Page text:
June 20;Textron India Private Limited is a wholly owned subsidiary of Textron Inc. It manufactures fixed-wing aircraft as well as helicopters and UAVs. Founded in 1923, Textron has grown into a network of businesses with total revenues of $12.2 billion and approximately 32,000 employees with facilities and presence in 25 countries. In an interview to The Hindu during his recent visit to India, Frank T. Connor, Executive Vice-President and Chief Financial Officer of Textron Inc, talks about the company’s plans in India and bats for Foreign Direct Investment (FDI) in the defence sector. An excerpt from the interview:
What are your views on the Indian commercial helicopter market? What sectors are you targeting?
It’s not very encouraging at the moment. The numbers are declining with not enough infrastructural support available in India. Lack of helipads, trained pilots and a slow economy are affecting the market. Most airports in India are made for fixed-wing aircraft and trained commercial pilots are usually attracted by the airlines. Also, the helicopter market is still evolving. We are waiting for the demand for state police, medical evacuation and reconnaissance helicopters becoming a reality. We are also targeting State governments, ONGC, oil and gas exploration companies, Pawan Hans, corporate houses and pilgrimage tourism.
There is a strong support for increasing FDI in the defence sector both at home and abroad. How do you see the situation unfurling in this matter?
Increasing FDI in the defence sector from the present 26 per cent will be a welcome move. We are here to partner with Indian companies looking for strategic partnerships, joint ventures, etc. From our perspective, if we are sharing technology, we would like to have higher equity than 26 per cent. It is only going to help the Indian industry in indigenisation and modernisation because the foreign original equipment manufacturers (OEMs) will be able to share high-end technology and ready to invest in Indian companies.
How do you perceive defence investment by foreign companies in India given the fact that often uncertainties block the deal, the latest being Finmeccanica’s AgustaWestland VVIP choppers?
I would not like to comment on Finmeccanica but I would like to say from the perspective of the U.S. and Textron that we are here basically for a long term strategic partnership and participate in all Indian defence modernisation programmes.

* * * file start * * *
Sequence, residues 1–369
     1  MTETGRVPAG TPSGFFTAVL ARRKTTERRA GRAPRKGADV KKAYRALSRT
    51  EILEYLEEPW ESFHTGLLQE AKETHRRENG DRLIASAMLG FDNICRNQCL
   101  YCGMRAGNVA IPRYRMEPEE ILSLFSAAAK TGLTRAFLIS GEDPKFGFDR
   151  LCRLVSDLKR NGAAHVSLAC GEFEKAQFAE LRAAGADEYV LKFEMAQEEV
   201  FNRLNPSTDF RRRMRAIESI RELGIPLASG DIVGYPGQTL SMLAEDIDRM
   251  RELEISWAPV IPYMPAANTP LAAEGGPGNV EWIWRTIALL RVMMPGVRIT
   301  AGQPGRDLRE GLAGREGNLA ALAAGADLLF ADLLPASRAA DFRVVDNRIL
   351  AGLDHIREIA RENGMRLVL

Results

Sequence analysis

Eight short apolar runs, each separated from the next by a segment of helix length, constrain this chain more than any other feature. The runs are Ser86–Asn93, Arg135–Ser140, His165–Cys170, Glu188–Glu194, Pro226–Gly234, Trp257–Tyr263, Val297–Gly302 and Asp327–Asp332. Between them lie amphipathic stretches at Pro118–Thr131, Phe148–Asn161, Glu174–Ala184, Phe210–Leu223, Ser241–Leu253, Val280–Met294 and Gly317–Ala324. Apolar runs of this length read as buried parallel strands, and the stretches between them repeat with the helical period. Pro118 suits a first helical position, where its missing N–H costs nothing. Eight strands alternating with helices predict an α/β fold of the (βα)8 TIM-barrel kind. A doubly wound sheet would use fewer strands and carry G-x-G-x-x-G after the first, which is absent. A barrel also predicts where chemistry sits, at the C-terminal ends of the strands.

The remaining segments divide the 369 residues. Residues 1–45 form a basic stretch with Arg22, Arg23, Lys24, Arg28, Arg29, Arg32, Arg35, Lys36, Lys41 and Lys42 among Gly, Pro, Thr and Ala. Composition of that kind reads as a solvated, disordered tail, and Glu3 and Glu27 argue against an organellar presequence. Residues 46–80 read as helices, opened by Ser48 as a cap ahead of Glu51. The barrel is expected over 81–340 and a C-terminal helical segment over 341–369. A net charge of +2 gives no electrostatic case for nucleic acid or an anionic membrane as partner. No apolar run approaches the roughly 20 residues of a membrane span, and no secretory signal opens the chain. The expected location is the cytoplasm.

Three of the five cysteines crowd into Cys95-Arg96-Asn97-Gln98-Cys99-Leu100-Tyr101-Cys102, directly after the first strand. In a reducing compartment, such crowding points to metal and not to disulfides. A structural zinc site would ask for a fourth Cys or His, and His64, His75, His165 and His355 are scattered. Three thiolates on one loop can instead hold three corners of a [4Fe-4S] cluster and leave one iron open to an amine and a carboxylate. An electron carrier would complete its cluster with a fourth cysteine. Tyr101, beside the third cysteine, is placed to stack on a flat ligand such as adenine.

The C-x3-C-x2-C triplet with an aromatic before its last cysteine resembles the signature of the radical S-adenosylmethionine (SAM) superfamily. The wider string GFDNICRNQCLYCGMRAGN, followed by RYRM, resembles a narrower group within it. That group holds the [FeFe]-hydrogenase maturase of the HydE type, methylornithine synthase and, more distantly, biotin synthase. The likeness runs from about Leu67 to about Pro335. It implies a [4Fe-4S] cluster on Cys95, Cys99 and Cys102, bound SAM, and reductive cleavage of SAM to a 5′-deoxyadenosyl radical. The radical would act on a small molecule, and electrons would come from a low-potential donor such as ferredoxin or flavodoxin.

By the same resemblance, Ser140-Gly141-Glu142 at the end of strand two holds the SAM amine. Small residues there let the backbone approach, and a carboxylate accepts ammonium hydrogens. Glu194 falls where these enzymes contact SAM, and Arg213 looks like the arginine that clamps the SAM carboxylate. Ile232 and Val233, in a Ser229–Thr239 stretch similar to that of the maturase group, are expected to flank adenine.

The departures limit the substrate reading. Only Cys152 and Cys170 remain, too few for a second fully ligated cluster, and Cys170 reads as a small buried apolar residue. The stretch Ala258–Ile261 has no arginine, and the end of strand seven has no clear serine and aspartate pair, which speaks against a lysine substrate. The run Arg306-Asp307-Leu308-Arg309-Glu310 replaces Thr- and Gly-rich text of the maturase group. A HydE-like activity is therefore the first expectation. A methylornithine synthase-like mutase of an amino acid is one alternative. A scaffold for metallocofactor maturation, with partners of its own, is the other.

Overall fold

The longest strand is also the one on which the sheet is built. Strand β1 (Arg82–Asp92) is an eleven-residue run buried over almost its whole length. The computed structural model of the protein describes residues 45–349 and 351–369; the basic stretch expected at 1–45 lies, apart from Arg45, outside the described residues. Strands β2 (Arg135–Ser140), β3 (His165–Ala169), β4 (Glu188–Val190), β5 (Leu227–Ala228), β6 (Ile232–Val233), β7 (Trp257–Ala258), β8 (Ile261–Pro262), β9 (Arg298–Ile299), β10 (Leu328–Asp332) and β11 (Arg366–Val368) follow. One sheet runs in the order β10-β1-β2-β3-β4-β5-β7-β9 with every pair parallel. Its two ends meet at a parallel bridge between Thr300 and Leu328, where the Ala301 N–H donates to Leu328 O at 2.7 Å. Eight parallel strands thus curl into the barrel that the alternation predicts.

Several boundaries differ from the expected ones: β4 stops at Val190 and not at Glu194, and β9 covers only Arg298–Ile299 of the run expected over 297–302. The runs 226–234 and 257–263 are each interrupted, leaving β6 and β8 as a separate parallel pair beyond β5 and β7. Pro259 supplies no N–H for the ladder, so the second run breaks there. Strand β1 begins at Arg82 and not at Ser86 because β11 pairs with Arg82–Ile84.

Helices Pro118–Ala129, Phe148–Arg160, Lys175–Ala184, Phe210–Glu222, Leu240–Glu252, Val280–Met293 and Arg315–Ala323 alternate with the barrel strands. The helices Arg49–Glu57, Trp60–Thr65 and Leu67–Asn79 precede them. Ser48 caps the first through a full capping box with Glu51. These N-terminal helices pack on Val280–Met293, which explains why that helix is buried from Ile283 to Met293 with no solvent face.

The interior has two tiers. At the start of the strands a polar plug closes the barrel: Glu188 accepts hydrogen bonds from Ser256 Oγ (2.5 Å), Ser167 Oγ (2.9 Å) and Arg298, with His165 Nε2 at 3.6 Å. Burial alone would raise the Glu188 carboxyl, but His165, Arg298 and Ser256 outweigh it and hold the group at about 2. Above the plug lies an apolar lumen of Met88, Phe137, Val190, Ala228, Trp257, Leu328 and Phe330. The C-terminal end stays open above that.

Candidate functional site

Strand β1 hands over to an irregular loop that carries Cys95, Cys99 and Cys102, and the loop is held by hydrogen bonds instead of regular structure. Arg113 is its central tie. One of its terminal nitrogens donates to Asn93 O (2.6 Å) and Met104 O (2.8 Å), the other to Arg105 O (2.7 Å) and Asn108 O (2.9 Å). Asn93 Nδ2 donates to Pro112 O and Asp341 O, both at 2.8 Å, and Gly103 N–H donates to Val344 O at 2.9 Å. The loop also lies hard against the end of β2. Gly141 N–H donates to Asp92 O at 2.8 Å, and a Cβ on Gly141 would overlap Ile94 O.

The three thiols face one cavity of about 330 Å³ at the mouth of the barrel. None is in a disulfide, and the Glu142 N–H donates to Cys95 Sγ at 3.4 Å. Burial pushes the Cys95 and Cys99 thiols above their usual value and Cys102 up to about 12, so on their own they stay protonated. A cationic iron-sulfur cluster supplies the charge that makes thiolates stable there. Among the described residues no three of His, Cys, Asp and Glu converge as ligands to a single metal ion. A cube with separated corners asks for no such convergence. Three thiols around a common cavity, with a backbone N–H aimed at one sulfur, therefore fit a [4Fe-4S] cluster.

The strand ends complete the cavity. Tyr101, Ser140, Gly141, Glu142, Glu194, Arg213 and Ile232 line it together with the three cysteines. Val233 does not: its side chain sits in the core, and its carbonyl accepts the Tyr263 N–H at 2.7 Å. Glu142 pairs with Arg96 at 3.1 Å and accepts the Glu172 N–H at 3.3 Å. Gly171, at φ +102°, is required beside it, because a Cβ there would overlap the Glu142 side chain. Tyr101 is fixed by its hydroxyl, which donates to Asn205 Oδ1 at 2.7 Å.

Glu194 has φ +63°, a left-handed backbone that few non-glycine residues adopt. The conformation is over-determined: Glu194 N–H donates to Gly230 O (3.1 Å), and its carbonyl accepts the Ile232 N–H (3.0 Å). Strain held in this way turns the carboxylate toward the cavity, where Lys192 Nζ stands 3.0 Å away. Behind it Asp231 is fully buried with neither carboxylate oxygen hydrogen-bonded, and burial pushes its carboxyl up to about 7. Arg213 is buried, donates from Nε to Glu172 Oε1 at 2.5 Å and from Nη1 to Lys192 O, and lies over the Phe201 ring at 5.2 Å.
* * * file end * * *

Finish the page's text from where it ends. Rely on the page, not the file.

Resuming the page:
What it the status of the Sensor Fuzed Weapon (SFW) programme for the Jaguar aircraft?
The integration work has already started at HAL. In late 2012, the Indian Air Force began receiving deliveries of Textron Defense Systems’ SFW for the Jaguar aircraft. The SFW foreign military sale programme was initiated in 2010. We are under contract to provide a total of 512 SFWs. It is a smart air-to-ground area weapon designed to defeat moving and fixed targets on land and at sea. With proven features to prevent hazardous unexploded ordnance, the SFW delivers greater than 99 per cent reliability, verified through operational performance.
For the Bell helicopter, is there any ongoing discussion with the Indian Navy?
Yes, we are in discussion with the Indian Navy but nothing is final till now. We have various products, which can be offered to Indian armed forces depending on the requirement. For example, the 407 armed version, the 429 latest twin engine, the AH-1Z Zulu, the V 22 Osprey and the Bell 525 Relentless (which is currently under production).
Could you elaborate on what Textron is looking from the Indian Crime and Criminal Tracking Network and System (CCTNS) programme?
We are in touch with the paramilitary forces for UAV and unattended ground sensor solutions on IT security. We have a number of modules for all types of requirements. We are looking for partnerships with the State police departments and other agencies for upcoming programs related to homeland security. CCTNS is the programme where all the police stations of India will be connected for tracking crimes and criminals.
What are the areas you are looking at for sourcing from India?
India is a major sourcing partner for us. We are currently producing the body of one of the Bell helicopters with an Indian private industry. We source some parts for our piston engine company called Lycoming, which are critical parts and are cleared by Federal Aviation Administration (FAA). Currently, we are looking at sourcing Bell helicopter cabin assembly in significant numbers from India. Additionally, a programme is on to source some air borne weapon components. We have 525 people in our technology centre in Bangalore, which is the largest technology centre outside North America.
In your view, what policy initiatives should the government take to strengthen the aerospace and defence sector domestically?
I think more liberal industrial policies for letting the Indian industry partner with foreign OEMs and incentivising foreign OEMs to set up manufacturing facilities can contribute in this regard.
India is pegged to be the third largest aviation market by 2020 but currently air travel numbers are going down even after dropping fares. How do you see this situation?
If the infrastructure grows, smaller green field airports and helipads will come up and the aviation sector will grow. All commercial and general aviation business is linked to the economy of the country. If the country’s economy is on track, people will have to move so you need airplanes, helicopters, airports and better highways.